Neither the Dutch, French nor anyone else had shown much interest in the north of Australia during those years, but the British government made a third attempt in 1838. This time it was Fort Victoria at Port Essington and by no other than Gordon Bremer on 27 October 1838. This time he had sailed in the Alligator and brought another two ships with supplies with him. During July 1839 the settlement was visited by Captain J.C. Wickham and the Beagle, in which Charles Darwin had sailed.
This time it seemed that all would be a success. Fruit and vegetables grew in profusion as did bananas, oranges, sugarcane and cotton. The Society for Promoting Christian Knowledge was confident too about the success of the settlement and made money available for a Church. After Bremer left in June 1839, the little town and the settlement began slowly to deteriorate.
In 1843 a migration scheme was hoped to bring both white and coloured migrants to the settlement. Cheap land for this purpose was advertised in Singapore and China but no interest was shown.
In 1846 Father Angelo Confalonieri became the first Catholic priest to come to the Northern Territory to establish the Church at Victoria. He died two years later without having been able to carry out his objectives. Victoria, and Fort Essington with it, was abandoned on 1 December 1849.
A fourth attempt at establishing a settlement on the north coast was made at Escape Cliffs, about 75 kilometres from present day Darwin, in 1864. This was a year after South Australia had gained control of the Northern Territory. After three disasters it was decided that this time it was going to be bigger and better than all the others before it. Some 250,000 acres of land were sold before anyone had arrived at the site.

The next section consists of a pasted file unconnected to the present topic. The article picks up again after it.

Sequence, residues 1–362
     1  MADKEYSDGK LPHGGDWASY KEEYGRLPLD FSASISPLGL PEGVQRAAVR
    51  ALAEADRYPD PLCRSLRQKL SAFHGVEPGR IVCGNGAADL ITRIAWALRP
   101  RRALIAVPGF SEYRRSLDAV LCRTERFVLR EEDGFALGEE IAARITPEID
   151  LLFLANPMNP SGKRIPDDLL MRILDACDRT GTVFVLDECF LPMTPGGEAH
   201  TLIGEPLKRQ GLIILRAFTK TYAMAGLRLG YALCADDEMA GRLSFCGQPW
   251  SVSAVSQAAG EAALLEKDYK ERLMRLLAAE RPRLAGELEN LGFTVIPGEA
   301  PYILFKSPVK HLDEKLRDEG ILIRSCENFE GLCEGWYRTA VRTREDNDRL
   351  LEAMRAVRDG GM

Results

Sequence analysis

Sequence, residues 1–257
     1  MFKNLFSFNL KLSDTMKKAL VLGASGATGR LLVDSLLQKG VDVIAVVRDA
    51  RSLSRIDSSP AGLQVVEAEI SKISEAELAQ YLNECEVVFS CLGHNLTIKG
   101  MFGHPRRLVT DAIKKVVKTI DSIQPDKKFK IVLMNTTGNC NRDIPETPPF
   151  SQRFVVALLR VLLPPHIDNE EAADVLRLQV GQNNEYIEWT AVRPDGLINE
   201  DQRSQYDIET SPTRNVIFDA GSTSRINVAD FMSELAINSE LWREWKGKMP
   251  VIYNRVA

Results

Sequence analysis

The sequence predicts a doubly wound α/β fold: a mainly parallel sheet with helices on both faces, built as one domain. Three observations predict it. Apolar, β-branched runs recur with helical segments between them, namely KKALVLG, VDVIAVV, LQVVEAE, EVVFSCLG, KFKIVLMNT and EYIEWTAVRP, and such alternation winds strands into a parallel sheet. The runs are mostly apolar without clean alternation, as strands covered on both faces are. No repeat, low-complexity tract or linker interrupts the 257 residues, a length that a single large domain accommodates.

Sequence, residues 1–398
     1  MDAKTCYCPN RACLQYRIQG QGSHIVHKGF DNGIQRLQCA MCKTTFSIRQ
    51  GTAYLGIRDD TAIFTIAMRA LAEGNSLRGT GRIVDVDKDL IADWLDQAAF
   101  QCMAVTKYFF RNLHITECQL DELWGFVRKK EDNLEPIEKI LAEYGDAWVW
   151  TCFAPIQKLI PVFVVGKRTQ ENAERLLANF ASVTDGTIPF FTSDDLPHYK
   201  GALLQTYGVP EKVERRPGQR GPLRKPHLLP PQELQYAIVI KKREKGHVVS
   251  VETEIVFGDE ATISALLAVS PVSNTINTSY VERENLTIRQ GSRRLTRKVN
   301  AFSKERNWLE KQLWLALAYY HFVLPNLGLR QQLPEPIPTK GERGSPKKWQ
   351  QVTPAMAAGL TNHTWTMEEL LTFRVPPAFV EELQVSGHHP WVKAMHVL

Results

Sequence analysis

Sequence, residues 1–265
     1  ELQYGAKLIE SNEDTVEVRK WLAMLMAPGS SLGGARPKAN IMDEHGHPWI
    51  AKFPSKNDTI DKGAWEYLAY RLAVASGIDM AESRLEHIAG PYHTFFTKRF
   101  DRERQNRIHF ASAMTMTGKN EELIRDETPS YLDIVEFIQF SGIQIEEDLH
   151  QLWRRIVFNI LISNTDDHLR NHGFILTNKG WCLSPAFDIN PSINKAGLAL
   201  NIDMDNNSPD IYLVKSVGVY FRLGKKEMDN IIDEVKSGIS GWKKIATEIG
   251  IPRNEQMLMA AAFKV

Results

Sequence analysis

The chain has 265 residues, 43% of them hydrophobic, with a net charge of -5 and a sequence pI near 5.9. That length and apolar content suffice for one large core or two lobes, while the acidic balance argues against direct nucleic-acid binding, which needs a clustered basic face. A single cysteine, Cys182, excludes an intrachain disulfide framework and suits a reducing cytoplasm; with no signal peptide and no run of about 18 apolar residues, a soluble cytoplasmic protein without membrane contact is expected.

Lieutenant Colonel Boyle Travers Finniss was appointed in March 1864 to take charge as Government Resident of the Northern Territory. On 28 June he, his son Frederick, surveyors, two women, forty officers and men went ashore. From the very start there were problems. Finniss had been advised to settle at Adam Bay but against protests insisted on Escape Cliffs.
Once again there were problems with the Aborigines and it was Finniss who gave the first order to 'shoot every bloody native you see'. Needless to say that it did not take long before the first white man was killed. Finniss' style of governing did not endear too many of the settlers and seven left in an open boat to start their own paradise but landed in Fremantle.
By the end of 1865, the South Australian government sent explorer John McKinlay up north to check out the area east of Adelaide River and find a better place for a settlement. With the onset of the wet season he and his men had a terrible time. They returned after five months without finding a suitable site.
Meanwhile Finniss had been recalled to Adelaide and summoned before a Royal Commission where he was censured and criticized. By 1867 Escape Cliffs was also abandoned. The Marananggu Aborigines had again a few years peace until George Woodroffe Goyder and his men arrived in 1869 to establish Darwin.